Every single Sunday when I hear the gospel preached I am hearing a faithful minister of God draw out of the treasure house, things old and new (Matt. 13:52). In fact, I would be remiss and delinquent if I did not invite you to come and worship with us this Sunday and share in the blessed gospel preaching with us. We meet at 10:30 am Sunday morning at 1675 Baldwin Ave in Jenison. I would love to have you join us.

    As to the living in the shadow of the PRC, I don’t see it that way at all. I love that denomination and the members of it. Whether any of them are listening or not, I can’t control that. But I do know my calling before God is to love them so I will do that by warning them, so I am going to share what is on my heart, and the sin and wickedness I see. I will love them, even if it means I am loved less for it. But the time for me and this blog is coming to a close. (Here I have to insert an apology: I told an earlier correspondent that I hoped to be done by the time of the PRC Synod of 2021. Clearly that has not happened. That is what happens when I apply my own earthly wisdom to things, which I did in this case. It was not my intention to deceive you or to be dishonest, but in actuality I did both. I am very sorry for that). I hope to be able to write more in the future, not because I think I am any good at it, but I want to faithfully serve my God in whatever capacity he calls me, and if it is in writing, then so be it.

    Look at it this way, if you see your family member’s house in flames, at what point do you stop yelling, “Fire!”

    Thanks for your question. I am sorry about the length of the reply, but as I mentioned before, verbosity is a weakness of mine.

  7. A couple things—-I’ve noticed a theme with your writing—a lot of dramatic words surrounding when people conspire against another a devise a plot to get rid of them —push them out of the church—how is that murder?

    Is it fair? No.

    Is it the right way to handled things? No.

    Did anyone die? No.

    Not necessarily a fair representation of events.

    I see the same dramatic terminology talking about “our present controversy” and depositions. There was no physical threat of violence. Or was there?

    Evil surmising (plotting). Sure. Spiritual manipulation. Granted.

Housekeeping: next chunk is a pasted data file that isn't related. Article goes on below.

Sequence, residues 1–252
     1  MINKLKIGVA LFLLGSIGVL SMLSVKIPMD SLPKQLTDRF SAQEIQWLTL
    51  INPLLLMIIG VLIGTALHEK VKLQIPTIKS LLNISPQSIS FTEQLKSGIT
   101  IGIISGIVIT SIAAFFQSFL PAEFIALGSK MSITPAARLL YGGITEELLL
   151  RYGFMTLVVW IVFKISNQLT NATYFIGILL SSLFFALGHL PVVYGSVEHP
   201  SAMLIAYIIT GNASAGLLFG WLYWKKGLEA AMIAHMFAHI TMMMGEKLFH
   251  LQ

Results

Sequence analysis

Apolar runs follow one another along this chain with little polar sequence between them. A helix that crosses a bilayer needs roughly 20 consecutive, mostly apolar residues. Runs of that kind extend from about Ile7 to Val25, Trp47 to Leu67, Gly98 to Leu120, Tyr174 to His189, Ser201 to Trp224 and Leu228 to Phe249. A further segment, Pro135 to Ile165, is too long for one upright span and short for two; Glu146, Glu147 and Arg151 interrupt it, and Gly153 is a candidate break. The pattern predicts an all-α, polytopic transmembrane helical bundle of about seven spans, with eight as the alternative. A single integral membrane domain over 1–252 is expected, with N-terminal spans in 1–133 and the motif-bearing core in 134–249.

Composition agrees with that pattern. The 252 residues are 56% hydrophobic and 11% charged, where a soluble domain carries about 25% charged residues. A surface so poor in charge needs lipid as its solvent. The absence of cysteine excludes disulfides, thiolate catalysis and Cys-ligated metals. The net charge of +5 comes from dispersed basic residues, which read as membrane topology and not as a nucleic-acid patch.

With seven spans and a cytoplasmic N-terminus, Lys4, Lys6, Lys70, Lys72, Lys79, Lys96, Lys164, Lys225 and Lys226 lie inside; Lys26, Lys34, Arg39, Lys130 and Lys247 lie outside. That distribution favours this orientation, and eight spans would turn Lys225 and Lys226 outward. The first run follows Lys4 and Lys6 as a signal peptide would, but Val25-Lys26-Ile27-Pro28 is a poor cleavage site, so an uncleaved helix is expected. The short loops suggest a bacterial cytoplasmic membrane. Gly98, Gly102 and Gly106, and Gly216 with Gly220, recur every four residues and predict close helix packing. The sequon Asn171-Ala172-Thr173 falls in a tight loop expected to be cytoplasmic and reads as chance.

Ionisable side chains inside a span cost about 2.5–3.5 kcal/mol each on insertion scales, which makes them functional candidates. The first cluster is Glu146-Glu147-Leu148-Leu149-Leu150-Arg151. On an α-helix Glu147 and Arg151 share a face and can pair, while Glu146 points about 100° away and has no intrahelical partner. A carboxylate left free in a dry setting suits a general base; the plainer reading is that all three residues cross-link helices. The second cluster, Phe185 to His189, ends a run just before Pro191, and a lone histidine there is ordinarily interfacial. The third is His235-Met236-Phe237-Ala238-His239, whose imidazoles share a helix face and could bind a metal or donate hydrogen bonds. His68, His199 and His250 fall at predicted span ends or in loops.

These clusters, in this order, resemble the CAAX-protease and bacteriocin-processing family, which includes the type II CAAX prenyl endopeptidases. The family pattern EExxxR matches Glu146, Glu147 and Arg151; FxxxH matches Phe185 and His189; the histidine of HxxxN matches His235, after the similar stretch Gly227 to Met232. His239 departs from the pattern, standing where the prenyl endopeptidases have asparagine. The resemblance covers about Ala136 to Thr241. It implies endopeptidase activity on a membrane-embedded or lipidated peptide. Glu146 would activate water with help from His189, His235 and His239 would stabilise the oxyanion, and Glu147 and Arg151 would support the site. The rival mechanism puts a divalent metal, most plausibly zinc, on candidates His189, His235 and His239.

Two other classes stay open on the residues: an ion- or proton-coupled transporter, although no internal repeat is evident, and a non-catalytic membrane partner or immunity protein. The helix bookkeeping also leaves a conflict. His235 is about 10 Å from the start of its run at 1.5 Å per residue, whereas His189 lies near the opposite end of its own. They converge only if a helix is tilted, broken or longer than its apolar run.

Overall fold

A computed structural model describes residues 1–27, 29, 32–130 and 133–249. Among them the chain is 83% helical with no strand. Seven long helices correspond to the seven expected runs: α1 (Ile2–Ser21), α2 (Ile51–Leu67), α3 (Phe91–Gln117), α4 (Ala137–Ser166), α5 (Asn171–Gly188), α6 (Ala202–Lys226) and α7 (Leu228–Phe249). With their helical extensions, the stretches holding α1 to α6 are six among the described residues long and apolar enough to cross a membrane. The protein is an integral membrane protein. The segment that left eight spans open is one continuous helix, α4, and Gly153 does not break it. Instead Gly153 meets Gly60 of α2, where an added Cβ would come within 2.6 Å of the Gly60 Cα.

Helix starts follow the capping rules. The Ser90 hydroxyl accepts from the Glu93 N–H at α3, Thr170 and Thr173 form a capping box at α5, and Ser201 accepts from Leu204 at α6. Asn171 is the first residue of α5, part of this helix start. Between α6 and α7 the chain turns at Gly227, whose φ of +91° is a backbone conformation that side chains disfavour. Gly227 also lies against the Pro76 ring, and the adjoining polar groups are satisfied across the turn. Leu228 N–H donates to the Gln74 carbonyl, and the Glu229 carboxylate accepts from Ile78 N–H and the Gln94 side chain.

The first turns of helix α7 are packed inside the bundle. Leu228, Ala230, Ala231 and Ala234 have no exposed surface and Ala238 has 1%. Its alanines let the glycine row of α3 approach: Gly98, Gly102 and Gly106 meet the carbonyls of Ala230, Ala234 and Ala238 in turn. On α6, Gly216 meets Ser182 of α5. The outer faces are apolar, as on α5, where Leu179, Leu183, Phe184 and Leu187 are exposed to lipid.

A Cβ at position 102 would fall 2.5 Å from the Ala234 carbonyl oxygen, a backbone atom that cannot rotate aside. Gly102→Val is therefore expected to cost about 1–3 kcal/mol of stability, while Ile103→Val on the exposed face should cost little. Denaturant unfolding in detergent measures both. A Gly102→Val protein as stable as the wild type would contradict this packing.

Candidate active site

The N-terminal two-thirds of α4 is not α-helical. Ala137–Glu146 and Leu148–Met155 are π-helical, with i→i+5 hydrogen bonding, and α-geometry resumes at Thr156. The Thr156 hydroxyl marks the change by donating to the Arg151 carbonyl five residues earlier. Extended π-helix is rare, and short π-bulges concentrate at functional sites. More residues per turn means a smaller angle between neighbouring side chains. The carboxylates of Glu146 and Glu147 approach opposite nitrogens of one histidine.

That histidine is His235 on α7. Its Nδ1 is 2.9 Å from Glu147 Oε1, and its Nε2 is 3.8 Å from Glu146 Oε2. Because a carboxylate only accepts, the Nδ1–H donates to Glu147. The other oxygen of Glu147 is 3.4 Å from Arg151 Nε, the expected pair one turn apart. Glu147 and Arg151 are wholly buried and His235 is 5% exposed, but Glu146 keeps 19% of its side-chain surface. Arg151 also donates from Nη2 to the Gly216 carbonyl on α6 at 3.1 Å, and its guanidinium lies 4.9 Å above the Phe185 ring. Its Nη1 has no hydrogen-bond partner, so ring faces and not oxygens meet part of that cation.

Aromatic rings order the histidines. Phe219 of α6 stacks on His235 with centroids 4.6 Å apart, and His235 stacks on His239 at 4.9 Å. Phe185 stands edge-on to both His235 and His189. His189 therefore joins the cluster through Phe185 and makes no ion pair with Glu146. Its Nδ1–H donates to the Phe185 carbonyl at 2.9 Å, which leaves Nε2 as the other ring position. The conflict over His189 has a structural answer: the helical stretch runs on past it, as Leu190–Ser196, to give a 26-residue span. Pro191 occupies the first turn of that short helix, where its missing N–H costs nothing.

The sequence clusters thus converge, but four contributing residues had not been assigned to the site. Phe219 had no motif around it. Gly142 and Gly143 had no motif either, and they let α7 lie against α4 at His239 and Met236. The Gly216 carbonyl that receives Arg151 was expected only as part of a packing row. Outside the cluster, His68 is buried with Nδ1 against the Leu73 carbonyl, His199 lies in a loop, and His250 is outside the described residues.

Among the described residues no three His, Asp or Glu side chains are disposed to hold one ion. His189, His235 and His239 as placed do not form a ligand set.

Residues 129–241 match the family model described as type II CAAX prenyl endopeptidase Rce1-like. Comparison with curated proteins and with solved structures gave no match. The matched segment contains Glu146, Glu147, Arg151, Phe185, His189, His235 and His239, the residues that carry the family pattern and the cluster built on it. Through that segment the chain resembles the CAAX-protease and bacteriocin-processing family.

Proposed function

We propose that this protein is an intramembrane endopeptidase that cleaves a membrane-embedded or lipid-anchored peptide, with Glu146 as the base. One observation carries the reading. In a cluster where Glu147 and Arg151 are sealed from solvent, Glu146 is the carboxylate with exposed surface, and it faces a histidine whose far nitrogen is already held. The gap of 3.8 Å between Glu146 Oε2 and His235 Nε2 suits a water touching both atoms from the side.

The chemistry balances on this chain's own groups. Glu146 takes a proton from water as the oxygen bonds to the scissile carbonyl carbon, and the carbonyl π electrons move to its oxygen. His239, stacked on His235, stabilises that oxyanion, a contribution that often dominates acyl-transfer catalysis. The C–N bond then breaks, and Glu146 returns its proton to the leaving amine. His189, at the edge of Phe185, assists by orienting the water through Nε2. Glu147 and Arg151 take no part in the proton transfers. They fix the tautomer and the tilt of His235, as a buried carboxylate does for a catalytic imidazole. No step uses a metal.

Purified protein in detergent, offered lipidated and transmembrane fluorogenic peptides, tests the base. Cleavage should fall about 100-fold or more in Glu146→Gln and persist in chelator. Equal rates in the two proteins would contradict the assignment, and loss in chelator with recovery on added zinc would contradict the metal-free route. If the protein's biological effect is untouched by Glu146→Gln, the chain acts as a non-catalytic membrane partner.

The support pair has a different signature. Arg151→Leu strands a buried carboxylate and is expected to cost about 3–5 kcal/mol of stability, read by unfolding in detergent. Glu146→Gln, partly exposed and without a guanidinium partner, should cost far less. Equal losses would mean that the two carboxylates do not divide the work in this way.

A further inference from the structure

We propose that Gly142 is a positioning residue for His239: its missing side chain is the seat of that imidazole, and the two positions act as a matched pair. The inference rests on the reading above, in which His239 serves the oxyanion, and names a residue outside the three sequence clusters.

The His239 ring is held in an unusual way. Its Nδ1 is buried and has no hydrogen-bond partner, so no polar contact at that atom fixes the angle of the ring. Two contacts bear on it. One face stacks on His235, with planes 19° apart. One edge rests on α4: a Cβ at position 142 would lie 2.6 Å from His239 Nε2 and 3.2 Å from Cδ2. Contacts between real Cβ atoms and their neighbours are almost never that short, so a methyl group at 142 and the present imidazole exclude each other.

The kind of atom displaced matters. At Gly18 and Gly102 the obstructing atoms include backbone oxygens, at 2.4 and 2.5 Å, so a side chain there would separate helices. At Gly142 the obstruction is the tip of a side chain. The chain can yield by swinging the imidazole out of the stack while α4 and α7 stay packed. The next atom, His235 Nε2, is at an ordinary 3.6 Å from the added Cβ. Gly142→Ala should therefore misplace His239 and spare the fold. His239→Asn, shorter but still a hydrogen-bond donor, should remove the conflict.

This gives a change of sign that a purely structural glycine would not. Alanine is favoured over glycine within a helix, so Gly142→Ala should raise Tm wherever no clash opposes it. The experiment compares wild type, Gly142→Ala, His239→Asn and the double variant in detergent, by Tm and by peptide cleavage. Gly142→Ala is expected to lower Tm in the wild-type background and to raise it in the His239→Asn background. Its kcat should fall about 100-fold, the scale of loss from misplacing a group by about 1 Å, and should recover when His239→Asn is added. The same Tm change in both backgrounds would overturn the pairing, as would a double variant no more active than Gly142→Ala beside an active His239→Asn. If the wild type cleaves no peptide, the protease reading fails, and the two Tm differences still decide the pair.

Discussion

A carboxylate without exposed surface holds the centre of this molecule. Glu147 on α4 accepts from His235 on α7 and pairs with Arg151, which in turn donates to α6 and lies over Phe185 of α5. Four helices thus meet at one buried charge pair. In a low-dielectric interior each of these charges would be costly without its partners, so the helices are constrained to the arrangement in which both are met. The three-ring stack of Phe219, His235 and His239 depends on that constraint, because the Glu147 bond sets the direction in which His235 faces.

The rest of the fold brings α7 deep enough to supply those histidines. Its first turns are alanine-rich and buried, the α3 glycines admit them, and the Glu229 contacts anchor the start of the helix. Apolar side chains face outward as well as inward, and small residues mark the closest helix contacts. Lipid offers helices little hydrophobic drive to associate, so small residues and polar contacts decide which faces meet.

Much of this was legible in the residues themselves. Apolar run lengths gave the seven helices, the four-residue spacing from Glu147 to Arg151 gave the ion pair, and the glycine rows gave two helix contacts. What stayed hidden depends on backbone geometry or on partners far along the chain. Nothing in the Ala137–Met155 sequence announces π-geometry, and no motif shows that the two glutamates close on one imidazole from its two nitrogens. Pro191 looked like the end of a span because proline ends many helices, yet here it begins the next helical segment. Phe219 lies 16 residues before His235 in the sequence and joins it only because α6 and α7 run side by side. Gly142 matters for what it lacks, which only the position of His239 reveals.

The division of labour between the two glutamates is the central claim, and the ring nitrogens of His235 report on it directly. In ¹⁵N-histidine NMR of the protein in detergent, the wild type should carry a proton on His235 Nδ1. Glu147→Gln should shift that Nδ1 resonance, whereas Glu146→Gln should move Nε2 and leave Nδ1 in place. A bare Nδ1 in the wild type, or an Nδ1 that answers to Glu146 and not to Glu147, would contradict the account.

I’m sorry. The verbiage has to start the changing, and so does the tone. It reeks of layers and levels of psychological damage from abusive behavior.

    So much of the “controversy” has been started/continued by the RPC—and not in a way that spurns positive conversation/possibility for real growth/change. (That’s if the PRC is willing/capable of it—which I don’t think it can until there is a true spiritual awakening.)

    Let’s move on to new material—new spiritual revelation and growth in revealing who the Holy Spirit is, and how the RPC can move forward with dignity, strength, and it’s own identity instead of being in the constant shadow of the PRC.

  8. Nathan, thanks for your thoughts on this. I too researched it in more detail when your comment came across.
    For me, I look at it like this. Would we ever say that deacons must NOT behave as watchmen? I don’t think we would say that. The reason, I believe, is because the special offices flow out of the office of all believer whose calling is always to be watching, and ready. It is for that reason that I believe in occupying a special office in the church, deacons too have the calling to behave as watchmen for the good of the flock.
    I commend you for reading, that separates you from most.

  9. Thanks Dewey for replying. So I was under the impression the calling of deacons was to collect and distribute to help the needy. I looked up online what the role of deacons is in comparison to elders and see many churches do it differently because the vague on it. I realize your blog isn’t the place for this so I won’t push it.
    I also like to say I do read this blog and your rpc magazine and even though I don’t agree with some of it I think it’s really ignorant when a PR member insults your group by saying they use the s&s as toilet paper or to burn. I guess if they have nothing thoughtful to say they resort to that

  10. First, when those elected to be watchmen abdicate their duty and simply adorn the bench the deacons have a calling they have to fulfill as watchmen.
    Second, I would contend that deacons, as members of the council, and as those placed in that special office do serve as watchmen on the walls of Zion. That function of deacon as watchmen took place at Byron PRC when a majority of the elders decided to simply follow the easy path of acquiescence to the church visitors, then deacons arose and took up the cause of Christ in the defense of Christ’s church. This was and is done in a variety of ways, and not in ways that are particular to the office of elder, but in a way that indicates they have a special office given them by Christ which involves looking out over the flock and warning them of danger.

  11. You said Marcus Andringa is a deacon from Hull church, and you are saying he stood up to his calling as an officebearer as a watchman. Since when are deacons also doing the work of elders?